Another broken EC-Apparatus high voltage power supply!
The 'stickers' up top say "OK to use 8/25/94" and "DEAD 2/3/97". Took it 14 years to rotate into the scrap pile. The AC cord has been cut. I understand the motivation to cut power cords; it remains annoying.
On cracking the shell, this was the first sight to greet me.
I must admit, I'm having a little difficulty identifying this part. Initially it struck me as a wirewound resistor, but the remains don't exhibit the centralized burn characteristics I'd expect to see from a resistor. Additionally, this part appears to have let loose in a rather prompt manner as opposed to a slow and steady heat build up.
Then there is the ochre build up at center band, which appears to be an original compound as opposed to corrosion products. Electrolyte perhaps? Yet the plate structure, if this is a cap, seems wrong to me, and an electrolytic cap of this dimension sitting on a ladder in the filtering section of a 2000 volt power supply makes no sense either.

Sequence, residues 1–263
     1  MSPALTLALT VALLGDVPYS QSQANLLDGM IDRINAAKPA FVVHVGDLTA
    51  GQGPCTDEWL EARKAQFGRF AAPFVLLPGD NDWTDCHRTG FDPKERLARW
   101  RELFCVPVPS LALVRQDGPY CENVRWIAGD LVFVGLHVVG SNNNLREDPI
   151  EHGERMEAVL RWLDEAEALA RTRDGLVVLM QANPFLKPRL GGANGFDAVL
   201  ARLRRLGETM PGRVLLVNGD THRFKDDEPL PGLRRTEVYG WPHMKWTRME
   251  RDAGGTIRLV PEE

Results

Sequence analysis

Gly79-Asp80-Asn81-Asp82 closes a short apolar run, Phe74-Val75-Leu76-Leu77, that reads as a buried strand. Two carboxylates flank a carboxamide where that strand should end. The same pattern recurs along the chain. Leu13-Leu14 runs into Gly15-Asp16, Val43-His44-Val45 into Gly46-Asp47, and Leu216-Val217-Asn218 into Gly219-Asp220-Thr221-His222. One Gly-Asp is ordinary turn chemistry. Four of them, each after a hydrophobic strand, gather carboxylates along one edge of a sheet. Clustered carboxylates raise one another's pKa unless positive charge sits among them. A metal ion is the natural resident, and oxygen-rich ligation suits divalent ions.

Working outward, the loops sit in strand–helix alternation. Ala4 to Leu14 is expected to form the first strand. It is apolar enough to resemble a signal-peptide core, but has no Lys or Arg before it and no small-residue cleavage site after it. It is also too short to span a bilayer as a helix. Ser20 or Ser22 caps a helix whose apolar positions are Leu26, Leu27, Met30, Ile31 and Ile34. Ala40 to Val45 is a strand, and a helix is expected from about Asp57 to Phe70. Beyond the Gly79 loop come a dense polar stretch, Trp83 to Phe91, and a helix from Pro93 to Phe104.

Whatever it was, it clearly was not up to the task it was asked to do.
The unit over-all looks pretty service friendly, just peeking above the stack of 47u 450v is a blue backplane connector which allowed removal of the board containing most of the sophisticated circuitry.
Of course, that circuit board offers a mystery of its own.
I should give a big fat sandfilled power resistor a shot in lieu of a 3000-3500 ppm/K tempco on a supermatched pair! That would probably cause a quiver or two in the synthesizer community.
My initial response to this structure was, as is known in the internet parlance, WTF?!
But wait, it gets better:
This is apparently the stock part having failed.
As usual, once the amusement has died down a bit, I stopped associating this structure with a similarly built (though altogether different) structure, and reason that the 16 pin DIP package may not be an IC, but a thermistor housed in a DIP package as part of the current regulation circuit.
I remain unsure. Cool enclosure though, perhaps I will have a go at repurposing it to house a supply that offers a more immediately useful range of voltages, eventually.